By Matt Allibone, GoPSUsports.com Student Staff Writer
UNIVERSITY PARK, Pa- When most collegiate athletes enter a game or competition, they do so with the distinct mindset to beat the opponent in front of them.
When members of the Penn State men's gymnastics team take the floor to begin a routine, however, their mindset is much different.
In that moment, there is no opponent standing across from them. All their thoughts are focused on their own actions and all eyes in the building are on them.
"When it's just you out there all you've got is your own mind," said senior Matt Chelberg. "Whatever demons and self doubts you have are what you bring out there."
With such a different and unique atmosphere, it is imperative for gymnasts to keep all negative thoughts out of their heads.
According to many of the Nittany Lions gymnasts, the key is to stay focused on the movements they need to make and the goal at hand.
"Mindset for us is all about execution," said senior Scott Rosenthal. "We try to be as pristine and perfect as we can be and make as few errors as we can."
In order to help his gymnasts develop this mentality, head coach Randy Jepson has tailored his practices to make them as similar to meets as possible.
The way Jepson sees it, if practices are run so that everyone's attention is on one person at once, his men will have little to adapt to when they step inside Rec Hall for a competition.
"We work a lot with mental preparation and I try to have the guys put themselves in a competitive setting when they're in the gym for a routine," said Jepson. "That way they can focus on what they have to do to deal with anxiety and simulate what they would do in a meet."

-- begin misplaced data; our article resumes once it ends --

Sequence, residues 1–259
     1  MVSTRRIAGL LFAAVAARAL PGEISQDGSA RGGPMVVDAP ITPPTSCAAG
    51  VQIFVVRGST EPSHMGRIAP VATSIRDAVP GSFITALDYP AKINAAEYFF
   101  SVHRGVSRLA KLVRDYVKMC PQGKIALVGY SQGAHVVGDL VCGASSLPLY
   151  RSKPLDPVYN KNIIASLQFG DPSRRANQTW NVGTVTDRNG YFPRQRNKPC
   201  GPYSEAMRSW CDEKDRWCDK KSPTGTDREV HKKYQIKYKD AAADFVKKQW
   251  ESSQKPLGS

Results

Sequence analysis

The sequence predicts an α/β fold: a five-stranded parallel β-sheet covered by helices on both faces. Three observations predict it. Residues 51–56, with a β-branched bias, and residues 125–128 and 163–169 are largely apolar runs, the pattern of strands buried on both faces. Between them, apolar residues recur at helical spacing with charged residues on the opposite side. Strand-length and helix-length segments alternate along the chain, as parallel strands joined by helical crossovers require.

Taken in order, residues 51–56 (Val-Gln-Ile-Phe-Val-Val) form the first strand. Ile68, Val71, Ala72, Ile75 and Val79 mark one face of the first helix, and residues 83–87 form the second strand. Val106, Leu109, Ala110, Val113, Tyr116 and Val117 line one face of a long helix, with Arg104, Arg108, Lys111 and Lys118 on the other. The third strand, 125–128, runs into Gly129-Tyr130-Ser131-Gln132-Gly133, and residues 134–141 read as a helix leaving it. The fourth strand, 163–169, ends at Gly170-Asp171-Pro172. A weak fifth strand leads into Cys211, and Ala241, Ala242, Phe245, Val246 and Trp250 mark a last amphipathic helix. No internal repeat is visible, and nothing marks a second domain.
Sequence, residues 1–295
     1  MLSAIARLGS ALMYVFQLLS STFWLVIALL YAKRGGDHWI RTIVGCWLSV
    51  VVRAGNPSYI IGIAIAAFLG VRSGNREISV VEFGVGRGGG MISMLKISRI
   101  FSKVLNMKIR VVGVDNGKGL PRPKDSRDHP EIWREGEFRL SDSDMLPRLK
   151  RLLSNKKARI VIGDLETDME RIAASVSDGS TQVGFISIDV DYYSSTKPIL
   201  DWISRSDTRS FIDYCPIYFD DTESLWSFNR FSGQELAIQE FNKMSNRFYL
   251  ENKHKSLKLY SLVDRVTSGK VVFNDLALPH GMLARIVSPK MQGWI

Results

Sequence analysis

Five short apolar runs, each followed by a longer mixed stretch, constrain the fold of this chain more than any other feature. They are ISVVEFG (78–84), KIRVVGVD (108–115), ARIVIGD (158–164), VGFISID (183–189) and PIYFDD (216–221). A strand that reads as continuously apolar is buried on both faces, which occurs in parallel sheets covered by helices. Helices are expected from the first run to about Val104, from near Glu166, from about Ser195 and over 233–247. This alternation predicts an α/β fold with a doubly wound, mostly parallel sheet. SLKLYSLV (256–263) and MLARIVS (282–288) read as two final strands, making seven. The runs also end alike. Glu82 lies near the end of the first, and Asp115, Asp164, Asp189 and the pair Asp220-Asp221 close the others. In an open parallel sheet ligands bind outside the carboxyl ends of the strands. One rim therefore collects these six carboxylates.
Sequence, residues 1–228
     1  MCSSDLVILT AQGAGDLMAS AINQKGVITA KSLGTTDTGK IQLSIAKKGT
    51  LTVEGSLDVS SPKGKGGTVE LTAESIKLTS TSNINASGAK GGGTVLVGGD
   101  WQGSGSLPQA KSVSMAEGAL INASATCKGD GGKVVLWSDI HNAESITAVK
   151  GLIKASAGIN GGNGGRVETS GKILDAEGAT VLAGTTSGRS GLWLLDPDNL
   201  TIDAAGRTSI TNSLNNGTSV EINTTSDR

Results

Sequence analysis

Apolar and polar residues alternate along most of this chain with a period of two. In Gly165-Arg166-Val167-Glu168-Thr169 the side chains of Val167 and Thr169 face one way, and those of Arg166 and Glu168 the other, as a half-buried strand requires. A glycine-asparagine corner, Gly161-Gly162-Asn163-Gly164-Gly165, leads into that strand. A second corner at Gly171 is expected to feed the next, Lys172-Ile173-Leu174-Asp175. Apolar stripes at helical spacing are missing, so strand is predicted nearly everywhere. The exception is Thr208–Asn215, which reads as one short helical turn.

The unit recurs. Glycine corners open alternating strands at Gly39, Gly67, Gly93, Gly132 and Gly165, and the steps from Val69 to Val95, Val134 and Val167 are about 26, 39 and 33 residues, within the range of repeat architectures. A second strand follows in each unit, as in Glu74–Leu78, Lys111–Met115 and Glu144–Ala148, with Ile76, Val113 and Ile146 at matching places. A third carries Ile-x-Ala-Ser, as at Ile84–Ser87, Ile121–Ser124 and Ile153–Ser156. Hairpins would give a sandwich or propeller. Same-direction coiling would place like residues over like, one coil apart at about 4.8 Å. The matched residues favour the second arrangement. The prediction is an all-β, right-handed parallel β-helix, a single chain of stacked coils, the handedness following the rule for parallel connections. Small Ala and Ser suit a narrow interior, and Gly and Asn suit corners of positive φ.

To help themselves maximize the competitive nature of their practices as much as possible, the Nittany Lions like to rely on repetition so that by the end of the session they can picture themselves performing the routine in a meet.
"In practice you want to put as much pressure on yourself as possible and visualize yourself competing and then do it over and over again," said Chelberg. "Then you can practice calming yourself down and staying focused on what you need to do."
While getting into a competitive attitude prior to a meet is important, it is even more important for them to stay in the same frame of mind during the course of a routine.
The worst thing a gymnast can do, according to both Chelberg and Rosenthal, is to let a mistake in the middle of a routine hinder them from finishing the event strongly.
It is a skill that must be attained not only through practice, but also through years of competition experience.
"We've all been doing gymnastics for a decade or more so we've all had to deal with fixing a routine," said Chelberg. "It's something you have to learn the hard way."
The coaching staff also does their best to identify any problems the squad has with their form so that they can enter a routine knowing what might cause them to falter.
"Most of the mistakes made are mistakes that we see often," said Jepson. "If they're able to make basic corrections early on then it should translate when they're in a meet."
Another aspect that separates gymnastics from other sports is the fact that even after someone has finished a routine, they have to wait for someone else to decide how well they've done and where they've finished.
Waiting for the judges to determine not only their score but also their opponent's score is one of the toughest tasks for any gymnast.
"It's really nerve racking to watch the scores go up knowing you have no more control," said Chelberg. "You just have to trust that you've done your job and whatever score you get is the reality of the situation."
If a score or routine doesn't go as anticipated, then a gymnast may find that their focus and mindset has really been tested.
To handle such disappointment, one must have a short memory and a desire to move forward.
"You just have to reset and leave the past in the past," said Rosenthal. "Your next event is a new meet with a new start and whatever just happened is old news."